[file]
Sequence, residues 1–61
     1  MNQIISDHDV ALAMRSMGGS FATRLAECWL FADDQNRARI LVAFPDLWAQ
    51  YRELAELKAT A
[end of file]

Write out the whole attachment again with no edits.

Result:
Sequence, residues 1–61
     1  MNQIISDHDV ALAMRSMGGS FATRLAECWL FADDQNRARI LVAFPDLWAQ
    51  YRELAELKAT A